The Personal Investment Management & Financial Advice Association (PIMFA) has asked the FCA to 'raise the bar' in its pursuit on contingent charging.
In July, the Financial Conduct Authority (FCA) began consulting on plans to ban contingent charging on defined benefit (DB) transfer advice. In consultation paper CP19/25, the regulator expressed concern that there were too many advisers delivering poor advice.
In a letter to the FCA published today (28 October), PIMFA senior policy adviser Simon Harrington said it agreed that too many people have transferred from their pension since pension freedoms were introduced in 2015, which was partly as a result of poor advice.
However, Harrington said this needs to be met with a recognition that the "ongoing provision of poor advice has been allowed to be perpetuated by a lack of regulatory oversight."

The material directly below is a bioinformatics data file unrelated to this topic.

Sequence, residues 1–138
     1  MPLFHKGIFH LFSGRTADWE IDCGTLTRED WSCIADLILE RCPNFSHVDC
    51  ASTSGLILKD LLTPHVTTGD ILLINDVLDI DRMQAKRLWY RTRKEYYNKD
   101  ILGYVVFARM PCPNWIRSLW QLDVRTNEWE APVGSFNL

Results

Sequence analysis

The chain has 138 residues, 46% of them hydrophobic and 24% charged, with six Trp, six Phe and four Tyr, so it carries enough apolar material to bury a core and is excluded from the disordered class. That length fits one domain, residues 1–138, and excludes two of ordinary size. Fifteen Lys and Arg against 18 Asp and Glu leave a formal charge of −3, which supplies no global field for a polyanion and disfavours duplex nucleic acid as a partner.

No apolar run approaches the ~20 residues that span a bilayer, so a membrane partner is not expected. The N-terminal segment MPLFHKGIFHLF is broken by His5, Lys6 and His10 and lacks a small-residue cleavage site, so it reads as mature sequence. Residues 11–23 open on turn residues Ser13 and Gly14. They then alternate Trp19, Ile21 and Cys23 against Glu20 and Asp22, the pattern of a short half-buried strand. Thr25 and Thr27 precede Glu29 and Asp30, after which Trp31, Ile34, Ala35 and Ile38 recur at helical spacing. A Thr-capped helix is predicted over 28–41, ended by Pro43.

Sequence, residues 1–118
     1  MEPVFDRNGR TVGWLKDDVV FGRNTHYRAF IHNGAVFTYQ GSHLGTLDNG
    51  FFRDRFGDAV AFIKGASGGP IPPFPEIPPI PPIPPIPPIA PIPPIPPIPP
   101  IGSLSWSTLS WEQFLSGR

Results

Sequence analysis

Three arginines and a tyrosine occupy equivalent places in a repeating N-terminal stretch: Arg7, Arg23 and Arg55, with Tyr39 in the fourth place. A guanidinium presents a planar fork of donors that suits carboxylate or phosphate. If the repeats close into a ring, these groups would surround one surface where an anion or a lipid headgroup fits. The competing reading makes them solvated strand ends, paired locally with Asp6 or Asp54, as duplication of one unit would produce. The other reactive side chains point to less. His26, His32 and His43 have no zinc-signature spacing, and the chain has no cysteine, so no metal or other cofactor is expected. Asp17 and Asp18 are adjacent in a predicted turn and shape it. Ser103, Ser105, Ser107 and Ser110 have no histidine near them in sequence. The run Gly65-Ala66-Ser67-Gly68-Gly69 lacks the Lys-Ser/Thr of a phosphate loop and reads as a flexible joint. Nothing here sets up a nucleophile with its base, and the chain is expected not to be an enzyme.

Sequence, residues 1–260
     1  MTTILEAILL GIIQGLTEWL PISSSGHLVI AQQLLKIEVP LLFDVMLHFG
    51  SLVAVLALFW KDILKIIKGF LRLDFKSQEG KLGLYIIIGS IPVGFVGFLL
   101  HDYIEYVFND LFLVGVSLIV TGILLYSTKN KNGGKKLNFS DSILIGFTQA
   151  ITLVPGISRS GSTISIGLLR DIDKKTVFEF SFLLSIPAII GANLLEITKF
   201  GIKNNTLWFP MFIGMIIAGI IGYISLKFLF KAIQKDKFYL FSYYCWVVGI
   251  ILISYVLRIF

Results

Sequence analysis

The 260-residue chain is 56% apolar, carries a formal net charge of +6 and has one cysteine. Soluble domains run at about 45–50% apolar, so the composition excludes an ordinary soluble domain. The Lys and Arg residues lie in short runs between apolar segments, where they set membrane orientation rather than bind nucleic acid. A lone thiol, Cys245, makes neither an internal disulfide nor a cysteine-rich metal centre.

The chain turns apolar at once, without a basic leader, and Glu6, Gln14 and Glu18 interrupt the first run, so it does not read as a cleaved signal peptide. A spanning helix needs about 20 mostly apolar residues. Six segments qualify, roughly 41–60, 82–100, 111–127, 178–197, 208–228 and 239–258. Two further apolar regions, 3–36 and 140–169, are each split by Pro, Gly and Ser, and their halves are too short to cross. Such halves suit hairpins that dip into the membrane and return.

The primary cause of poor pension transfer advice, he said, is that bad advisers continue to be allowed to give bad advice.
From the FCA's view and from what it has set out in the last few months, Harrington continued, it is impossible to know that a ban on contingent charging will improve the quality of pension advice. The regulator is therefore proposing a ban on the basis it might improve things.
As a suggestion, the trade association said the DB transfer market would benefit from a targeted and more rigorous supervision of the industry.
Harrington added: "In our view, in order to justify such a significant intervention, the bar should be significantly higher than [the FCA] appear to have set it.
"Without effective regulation and targeted supervision of firms in this area, many of the issues which are prevalent in this market will continue to be addressed after the fact."
Staff are your responsibility
More than 4,500 retail investors affected
Paid out £54m in related compensation
Changes to take place by next year